New Zealand slips into second recession in 18 months

Political parties trade blame for economic slump that follows aggressive interest rate hikes to tame inflation.

New Zealand is in recession for the second time in 18 months [Jason Oxenham/New Zealand Herald via AP]

New Zealand has slipped into its second recession in less than 18 months, according to government figures.

New Zealand’s gross domestic product (GDP) shrank by 0.1 percent during the October-December period, following a 0.3 percent contraction in the third quarter, New Zealand’s official statistics agency said on Thursday.

On a per capita basis, the economy fared even worse, with GDP shrinking 0.7 in the last quarter of 2023, according to government figures.

Economists traditionally define a recession as two consecutive quarters of negative growth.

The recession comes as the Reserve Bank of New Zealand has aggressively raised interest rates to tame some of the highest inflation in the developed world, putting a brake on economic activity.

The downturn also comes despite record inward migration to New Zealand that saw more than 133,000 net arrivals over the past year.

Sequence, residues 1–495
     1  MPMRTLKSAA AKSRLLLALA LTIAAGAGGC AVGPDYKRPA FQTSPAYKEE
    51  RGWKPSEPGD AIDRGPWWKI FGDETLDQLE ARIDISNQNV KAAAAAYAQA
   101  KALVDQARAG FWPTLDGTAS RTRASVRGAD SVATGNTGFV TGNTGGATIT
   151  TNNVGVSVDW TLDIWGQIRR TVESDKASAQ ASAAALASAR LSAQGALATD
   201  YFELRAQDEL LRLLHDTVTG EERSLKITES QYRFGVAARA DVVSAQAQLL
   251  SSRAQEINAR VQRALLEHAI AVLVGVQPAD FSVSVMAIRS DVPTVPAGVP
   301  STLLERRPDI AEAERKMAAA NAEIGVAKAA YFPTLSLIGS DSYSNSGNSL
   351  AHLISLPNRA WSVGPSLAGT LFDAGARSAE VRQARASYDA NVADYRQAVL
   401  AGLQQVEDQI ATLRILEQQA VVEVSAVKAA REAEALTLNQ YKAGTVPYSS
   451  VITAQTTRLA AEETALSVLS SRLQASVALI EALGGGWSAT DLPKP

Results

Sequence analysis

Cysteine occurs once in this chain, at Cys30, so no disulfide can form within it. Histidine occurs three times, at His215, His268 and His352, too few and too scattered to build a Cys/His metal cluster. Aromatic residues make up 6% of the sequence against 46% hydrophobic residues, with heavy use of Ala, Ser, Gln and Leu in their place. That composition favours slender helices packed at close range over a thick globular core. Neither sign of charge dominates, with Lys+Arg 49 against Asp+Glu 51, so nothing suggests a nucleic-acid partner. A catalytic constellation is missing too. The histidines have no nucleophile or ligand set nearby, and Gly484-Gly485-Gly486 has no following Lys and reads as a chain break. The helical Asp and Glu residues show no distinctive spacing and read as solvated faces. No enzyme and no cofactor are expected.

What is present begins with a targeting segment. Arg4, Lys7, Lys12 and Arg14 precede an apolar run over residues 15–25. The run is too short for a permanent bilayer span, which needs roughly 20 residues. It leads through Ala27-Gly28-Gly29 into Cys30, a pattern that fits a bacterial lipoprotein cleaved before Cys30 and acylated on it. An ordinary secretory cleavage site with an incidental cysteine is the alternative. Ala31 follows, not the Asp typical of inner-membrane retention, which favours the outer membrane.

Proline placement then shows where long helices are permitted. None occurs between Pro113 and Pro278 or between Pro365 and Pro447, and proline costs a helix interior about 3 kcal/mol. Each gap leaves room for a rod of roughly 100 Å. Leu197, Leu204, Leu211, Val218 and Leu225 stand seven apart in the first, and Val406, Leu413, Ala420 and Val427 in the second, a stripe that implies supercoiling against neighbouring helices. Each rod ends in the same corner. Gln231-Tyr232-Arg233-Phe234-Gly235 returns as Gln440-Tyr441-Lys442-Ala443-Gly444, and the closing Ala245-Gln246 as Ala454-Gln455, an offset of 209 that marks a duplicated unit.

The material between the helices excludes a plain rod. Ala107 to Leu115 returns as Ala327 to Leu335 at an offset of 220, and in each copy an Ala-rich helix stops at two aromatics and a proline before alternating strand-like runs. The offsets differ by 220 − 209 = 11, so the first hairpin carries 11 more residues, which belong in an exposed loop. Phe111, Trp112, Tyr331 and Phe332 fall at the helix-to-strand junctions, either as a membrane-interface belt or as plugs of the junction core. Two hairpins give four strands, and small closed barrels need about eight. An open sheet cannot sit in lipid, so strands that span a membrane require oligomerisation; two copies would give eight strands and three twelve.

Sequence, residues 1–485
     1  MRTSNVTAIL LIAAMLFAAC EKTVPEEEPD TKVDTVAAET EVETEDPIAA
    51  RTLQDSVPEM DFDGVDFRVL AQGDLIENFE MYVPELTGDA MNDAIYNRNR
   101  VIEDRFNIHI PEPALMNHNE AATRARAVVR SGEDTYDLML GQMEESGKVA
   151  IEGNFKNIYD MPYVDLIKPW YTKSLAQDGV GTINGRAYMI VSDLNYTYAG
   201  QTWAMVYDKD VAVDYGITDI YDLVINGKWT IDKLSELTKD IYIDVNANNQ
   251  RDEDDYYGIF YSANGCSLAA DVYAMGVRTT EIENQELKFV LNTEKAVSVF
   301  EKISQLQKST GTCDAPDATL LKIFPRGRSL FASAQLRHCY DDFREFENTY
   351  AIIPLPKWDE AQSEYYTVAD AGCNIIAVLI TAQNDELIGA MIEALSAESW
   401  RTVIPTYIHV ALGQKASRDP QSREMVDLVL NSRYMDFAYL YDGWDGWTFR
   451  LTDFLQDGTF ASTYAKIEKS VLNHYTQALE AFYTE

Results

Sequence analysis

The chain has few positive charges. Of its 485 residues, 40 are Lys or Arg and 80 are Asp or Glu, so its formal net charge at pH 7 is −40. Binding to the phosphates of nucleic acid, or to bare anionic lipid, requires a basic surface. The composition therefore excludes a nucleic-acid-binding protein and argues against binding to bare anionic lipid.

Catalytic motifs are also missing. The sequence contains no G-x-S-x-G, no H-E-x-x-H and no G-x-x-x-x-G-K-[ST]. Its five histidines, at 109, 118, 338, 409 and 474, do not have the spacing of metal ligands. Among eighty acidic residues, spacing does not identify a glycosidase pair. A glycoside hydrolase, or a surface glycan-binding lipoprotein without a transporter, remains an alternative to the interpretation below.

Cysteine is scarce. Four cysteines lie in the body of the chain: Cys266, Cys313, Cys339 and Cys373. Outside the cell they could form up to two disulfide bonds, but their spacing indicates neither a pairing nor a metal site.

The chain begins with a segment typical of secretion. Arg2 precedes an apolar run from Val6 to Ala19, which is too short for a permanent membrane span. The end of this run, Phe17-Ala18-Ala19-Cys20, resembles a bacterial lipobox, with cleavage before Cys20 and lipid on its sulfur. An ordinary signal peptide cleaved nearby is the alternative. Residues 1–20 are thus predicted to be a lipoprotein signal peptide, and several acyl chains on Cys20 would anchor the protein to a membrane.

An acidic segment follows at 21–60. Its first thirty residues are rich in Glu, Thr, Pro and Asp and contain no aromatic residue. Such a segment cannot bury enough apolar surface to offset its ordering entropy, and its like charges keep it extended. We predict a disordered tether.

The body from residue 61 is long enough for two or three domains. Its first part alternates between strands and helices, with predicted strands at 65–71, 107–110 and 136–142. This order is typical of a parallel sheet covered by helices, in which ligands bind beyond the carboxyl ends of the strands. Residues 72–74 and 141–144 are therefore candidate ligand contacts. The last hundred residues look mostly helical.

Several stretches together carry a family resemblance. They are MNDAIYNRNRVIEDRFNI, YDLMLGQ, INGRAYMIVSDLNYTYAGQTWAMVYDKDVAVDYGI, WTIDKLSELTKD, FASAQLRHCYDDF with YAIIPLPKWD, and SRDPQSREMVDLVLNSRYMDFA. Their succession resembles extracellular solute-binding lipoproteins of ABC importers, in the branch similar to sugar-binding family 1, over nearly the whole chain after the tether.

New Zealand Finance Minister Nicola Willis, a member of the centre-right National Party, blamed the recession on the “big spending, big taxing” policies of the former Labour Party government, which lost power in general elections in October.

“It is concerning that we are in recession even despite our rapidly growing population,” Willis said.

“This simply reinforces that our approach to strengthening and growing the economy is the right one. The good news is that inflation is tracking in the right direction.”

Labour’s finance spokesperson Barbara Edmonds accused the government of failing to produce a single policy to help New Zealanders deal with the cost of living.

“Instead of policies to make childcare more affordable, making most prescriptions free, or half-price public transport, this Government has just spent nearly $3bn on landlords and is still planning tax cuts that won’t benefit working people in the way they promised,” Edmonds said.

Source: Al Jazeera and news agencies